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Writer’s Music: Gabriel Yared

220px-breakingandenteringostMusic helps guide me through emotional arcs, scenes of conflict, and horrific battles. And then there are those times where, well, not much is going on. Exposition has to come sometime, be it in dialogue or somewhere else. Silence may help some writers in their plots’ quiet moments, but I still need something. Breaking and Entering by Gabriel Yared and Underworld provides this. The score itself is a unique mix of layered synthesized sounds and strings, but I would like to fixate on the opening track, before Underworld’s influence.

(This is not to say Yared’s only good for filler. Far from it: the tracks of solo piano for Cold Mountain are elegant, timeless, and totally worth a separate entry.)

“A Thing Happens” is a song for realization. It moves slowly, but does not drag. The harmonies are sweet, but also a touch off—a fine fit for protagonists as they learn something from new characters. Everyone, fictional and real, needs a moment to absorb what they’ve learned, be it painful or important or both. As writers, it can be quite tempting to brush through our characters’ thought processes. Who wants to read about someone thinking? That’s almost as bad as watching someone on television watch television. Nothing’s happening. Why bother?

Because our characters, human or not, must still have carry some degree of human traits in order for readers to relate. We are rarely quick with our comprehensions, especially when the world as we know it has been turned inside out. Allow your characters a chance to breathe before the chaos you’ve prepared to unleash upon them. Give them a moment in stillness. Yared will help you find it.

Click here for more information on Gabriel Yared.

Click here for more information on BREAKING AND ENTERING.

Lessons Learned from Diana Wynne Jones: Real Problems in Unreal Books

ouaewdgwi4qnmfm3vtinifcbjcvdom1ej8ik8vsxfmfcfapfacq9ap3n28almo5xerxobltvefcl3rncfs2hao9m3jhmis9ni8mrtuie2kwc8uwbvg8cj8qrmmtlhjIn Reflections on the Magic of Writing, Diana Wynne Jones notes more than once that she received flak for not writing “Real Books.” Real Books were to be about present-day, everyday-world children handling real, everyday problems: abusive parents, poverty, illness, etc. These books should then be passed on to kids actually experiencing said problems to…I don’t know, strengthen character or something. She didn’t get it either, which is why you don’t see any Real Books with Jones’ name on them. (Personally I like her recollection of fellow writer Jill Paton Walsh’s words on the matter: “If you know two people who are divorcing, would you give them each a copy of Anna Karenina? Can you imagine a less helpful book? Yet people do this to children all the time.”)

What I do love is Jones’ own style of handling Real Problems in Unreal Ways. Take Witch Week, or Year of the Griffin—who doesn’t experience some lousy spells (couldn’t resist, sorry) in school? It doesn’t matter that one of the main characters in Year is a griffin: she’s a still a new student trying to find her way through a school with horrible teachers. Eight Days of Luke, Black Maria, and Fire and Hemlock all have terrible adult guardians the child protagonist has to survive; some are mean, some are self-centered, and some are, well, magical.

Now granted, I haven’t completed my journey through all of Jones’ work, but I did just finish The Ogre Downstairs. As I read the final pages, it occurred to me that this was the first book where magic was part of the problem, but not the solution. It’s a story of a mixed family created by a widow marrying a divorced man the widow’s children nickname The Ogre. The Ogre’s two sons are just as beastly at the outset. When The Ogre gives each group of children a unique chemical set (enter the magic!), everything gets profoundly worse with The Ogre, but better among the children. Why? Because they work together to figure out how to stop floating, or how to get their minds re-switched to their proper bodies. Magic forces them to see things from each other’s perspective, and from this they unite against The Ogre. Magic completely destroys a party the widow wanted so badly to succeed, and the row afterwards drives the widow out of the house for space. Everyone feels terrible, including The Ogre, who is not, the children realize, an ogre at all. The story ends with a family that better understands each other and, thanks to a final round with the magical chemistry sets, enough money to live in a new house sans magic toffee creatures or living dust balls. So yes, I suppose the magic did help with a solution in the way end, but the primary conflict was not solved by magic, but by understanding and teamwork.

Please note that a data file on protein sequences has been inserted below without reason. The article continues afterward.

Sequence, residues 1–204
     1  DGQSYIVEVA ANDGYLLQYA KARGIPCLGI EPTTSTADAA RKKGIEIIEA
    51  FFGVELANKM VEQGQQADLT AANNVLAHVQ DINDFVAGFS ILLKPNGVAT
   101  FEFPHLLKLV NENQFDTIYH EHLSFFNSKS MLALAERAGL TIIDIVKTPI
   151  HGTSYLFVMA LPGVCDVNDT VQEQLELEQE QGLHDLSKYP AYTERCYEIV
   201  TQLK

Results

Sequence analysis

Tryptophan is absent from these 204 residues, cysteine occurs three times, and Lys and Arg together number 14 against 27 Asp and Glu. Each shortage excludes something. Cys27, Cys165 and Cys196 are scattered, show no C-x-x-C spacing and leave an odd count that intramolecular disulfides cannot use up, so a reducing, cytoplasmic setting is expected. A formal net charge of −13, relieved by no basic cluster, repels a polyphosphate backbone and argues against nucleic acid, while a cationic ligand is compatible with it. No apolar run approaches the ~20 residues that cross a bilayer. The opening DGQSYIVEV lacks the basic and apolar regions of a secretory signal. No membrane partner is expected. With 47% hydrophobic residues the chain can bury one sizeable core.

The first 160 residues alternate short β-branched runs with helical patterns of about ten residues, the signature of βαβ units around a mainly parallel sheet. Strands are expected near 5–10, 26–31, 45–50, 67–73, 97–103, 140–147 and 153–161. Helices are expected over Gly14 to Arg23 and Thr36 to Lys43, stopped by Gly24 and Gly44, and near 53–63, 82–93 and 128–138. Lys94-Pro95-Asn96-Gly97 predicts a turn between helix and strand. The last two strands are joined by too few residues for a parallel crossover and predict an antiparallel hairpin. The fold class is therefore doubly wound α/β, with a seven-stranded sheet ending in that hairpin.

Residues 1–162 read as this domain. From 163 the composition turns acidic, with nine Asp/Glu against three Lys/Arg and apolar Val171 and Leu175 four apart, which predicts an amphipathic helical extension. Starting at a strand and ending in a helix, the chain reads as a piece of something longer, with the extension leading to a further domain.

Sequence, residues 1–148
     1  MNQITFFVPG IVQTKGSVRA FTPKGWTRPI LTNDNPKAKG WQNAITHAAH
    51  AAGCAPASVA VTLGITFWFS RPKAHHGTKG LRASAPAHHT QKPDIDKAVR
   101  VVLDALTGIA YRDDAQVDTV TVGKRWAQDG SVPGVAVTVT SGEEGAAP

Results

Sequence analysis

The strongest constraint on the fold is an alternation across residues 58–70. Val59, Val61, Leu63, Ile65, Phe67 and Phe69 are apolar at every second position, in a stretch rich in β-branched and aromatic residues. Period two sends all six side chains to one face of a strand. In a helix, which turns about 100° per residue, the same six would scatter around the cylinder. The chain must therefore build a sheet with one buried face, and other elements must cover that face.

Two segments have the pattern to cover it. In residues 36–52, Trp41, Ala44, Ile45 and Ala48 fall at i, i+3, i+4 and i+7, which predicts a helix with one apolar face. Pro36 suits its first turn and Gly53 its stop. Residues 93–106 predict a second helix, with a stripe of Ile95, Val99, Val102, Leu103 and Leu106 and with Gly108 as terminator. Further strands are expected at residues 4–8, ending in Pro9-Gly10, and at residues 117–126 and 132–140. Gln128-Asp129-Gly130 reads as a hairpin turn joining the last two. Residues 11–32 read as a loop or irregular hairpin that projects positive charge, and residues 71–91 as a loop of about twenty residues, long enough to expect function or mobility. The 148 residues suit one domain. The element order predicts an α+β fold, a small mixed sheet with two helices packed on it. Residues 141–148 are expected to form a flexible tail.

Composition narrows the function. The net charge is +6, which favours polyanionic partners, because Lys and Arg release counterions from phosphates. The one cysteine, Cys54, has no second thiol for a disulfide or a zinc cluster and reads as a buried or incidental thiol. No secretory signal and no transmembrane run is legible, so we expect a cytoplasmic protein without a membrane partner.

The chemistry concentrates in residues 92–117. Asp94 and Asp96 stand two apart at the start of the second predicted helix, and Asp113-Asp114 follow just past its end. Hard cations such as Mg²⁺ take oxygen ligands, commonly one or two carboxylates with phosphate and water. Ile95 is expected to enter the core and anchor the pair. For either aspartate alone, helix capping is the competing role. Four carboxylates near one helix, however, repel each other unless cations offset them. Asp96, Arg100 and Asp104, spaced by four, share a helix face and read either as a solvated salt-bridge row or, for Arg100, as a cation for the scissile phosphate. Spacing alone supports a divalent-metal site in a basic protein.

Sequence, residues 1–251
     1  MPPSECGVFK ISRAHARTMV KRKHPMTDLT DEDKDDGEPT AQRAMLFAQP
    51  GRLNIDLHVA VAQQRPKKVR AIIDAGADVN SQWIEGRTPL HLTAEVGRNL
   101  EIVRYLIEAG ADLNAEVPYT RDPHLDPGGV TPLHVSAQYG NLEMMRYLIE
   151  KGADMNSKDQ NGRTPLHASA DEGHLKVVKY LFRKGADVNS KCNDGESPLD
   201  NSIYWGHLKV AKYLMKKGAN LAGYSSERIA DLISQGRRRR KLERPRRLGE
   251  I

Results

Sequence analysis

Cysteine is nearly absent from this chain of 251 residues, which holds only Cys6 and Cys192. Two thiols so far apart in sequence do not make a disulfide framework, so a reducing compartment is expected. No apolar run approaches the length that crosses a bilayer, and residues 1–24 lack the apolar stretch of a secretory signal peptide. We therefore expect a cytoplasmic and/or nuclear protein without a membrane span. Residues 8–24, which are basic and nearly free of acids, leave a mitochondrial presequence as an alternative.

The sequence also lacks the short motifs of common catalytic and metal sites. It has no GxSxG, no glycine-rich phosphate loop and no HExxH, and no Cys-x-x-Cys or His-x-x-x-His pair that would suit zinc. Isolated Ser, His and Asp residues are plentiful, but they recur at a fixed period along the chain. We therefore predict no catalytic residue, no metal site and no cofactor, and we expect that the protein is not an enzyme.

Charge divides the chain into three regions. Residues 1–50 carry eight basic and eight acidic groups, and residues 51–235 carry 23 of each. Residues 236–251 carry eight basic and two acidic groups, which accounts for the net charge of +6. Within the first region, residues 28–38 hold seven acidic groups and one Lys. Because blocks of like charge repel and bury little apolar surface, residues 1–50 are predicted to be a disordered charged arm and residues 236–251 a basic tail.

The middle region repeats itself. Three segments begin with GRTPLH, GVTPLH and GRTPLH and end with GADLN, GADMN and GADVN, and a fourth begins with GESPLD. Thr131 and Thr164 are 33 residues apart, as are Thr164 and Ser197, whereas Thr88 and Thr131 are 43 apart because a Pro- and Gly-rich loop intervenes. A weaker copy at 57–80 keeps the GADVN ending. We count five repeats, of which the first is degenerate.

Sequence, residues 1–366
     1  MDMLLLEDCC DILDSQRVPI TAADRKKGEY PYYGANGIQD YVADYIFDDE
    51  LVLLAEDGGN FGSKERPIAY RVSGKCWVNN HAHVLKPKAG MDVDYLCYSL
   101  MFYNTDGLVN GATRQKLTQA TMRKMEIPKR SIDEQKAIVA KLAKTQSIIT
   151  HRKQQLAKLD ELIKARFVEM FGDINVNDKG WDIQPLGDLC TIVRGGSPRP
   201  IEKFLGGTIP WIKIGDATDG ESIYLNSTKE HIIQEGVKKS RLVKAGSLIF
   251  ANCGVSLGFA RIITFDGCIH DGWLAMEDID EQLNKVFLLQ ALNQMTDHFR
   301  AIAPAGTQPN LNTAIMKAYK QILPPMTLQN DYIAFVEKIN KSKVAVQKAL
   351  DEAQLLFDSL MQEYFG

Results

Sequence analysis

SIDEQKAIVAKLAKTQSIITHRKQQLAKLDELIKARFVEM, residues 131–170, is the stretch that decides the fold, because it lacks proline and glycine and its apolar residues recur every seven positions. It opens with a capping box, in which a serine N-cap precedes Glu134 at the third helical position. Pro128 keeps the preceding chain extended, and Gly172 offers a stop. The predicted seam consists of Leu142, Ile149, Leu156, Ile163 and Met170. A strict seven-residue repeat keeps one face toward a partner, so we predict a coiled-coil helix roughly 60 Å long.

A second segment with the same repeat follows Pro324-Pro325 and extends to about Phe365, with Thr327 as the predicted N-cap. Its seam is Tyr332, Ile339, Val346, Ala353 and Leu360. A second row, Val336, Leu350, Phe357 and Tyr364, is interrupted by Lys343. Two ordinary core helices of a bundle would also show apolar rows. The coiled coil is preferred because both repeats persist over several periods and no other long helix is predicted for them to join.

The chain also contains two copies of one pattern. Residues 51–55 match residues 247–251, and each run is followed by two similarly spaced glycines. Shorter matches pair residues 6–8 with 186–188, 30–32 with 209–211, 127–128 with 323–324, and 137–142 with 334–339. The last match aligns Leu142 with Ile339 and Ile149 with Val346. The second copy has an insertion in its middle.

A Real Book kind of solution to a Real Book kind of problem in an Unreal Book. Fancy that.

Click here for more information on Diana Wynne Jones.

Click here for more information on Diana Wynne Jones’ REFLECTIONS ON THE MAGIC OF WRITING.

Writer’s Music: Philip Glass

dracula-1931-philip-glass-kronos-quartetSo far, I have written about music that unsettles, saddens, or makes my characters wary of the unknown. But only one composer has the air of pure conspiracy about him: Philip Glass’ Dracula is a beautiful example of this.

(Admittedly, I wanted to tell you how Notes on a Scandal is the ultimate example, but then my husband introduced me to Glass’ score for the original classic Dracula, and that rather won me over. I’m bound to write about Notes later on, anyway.)

Even though the score is performed by a string quartet, the melodies can grow to overwhelming levels and suddenly shrink as Glass demands. Also, thanks to the strings, the melodies maintain a dangerously light feel, like spider webs gracing your neck in a walk through an abandoned building. But don’t underestimate the cello and viola—their dogged perseverance with rhythm give every track a sense of inevitability that, sooner or later, good will succumb to evil.

From a child’s perspective, the adult world is one big conspiracy to unravel. My human children never receive the answers they seek from their troll masters, so they must seek them out on their own. The track “Renfield” helps me imagine a party thrown by one of the troll masters, the perfect opportunity for the children to break into the secret library and find answers. These children are terrified, but if they don’t maintain their pretense of happy servitude, they will be caught, or worse, disappear just like any other “discontent.” Seek out Dracula, and listen as the formal veneer over your characters fades to reveal their true fears and desires.

Selection: “Renfield”

Click here for more information on Philip Glass and his music: http://www.philipglass.com/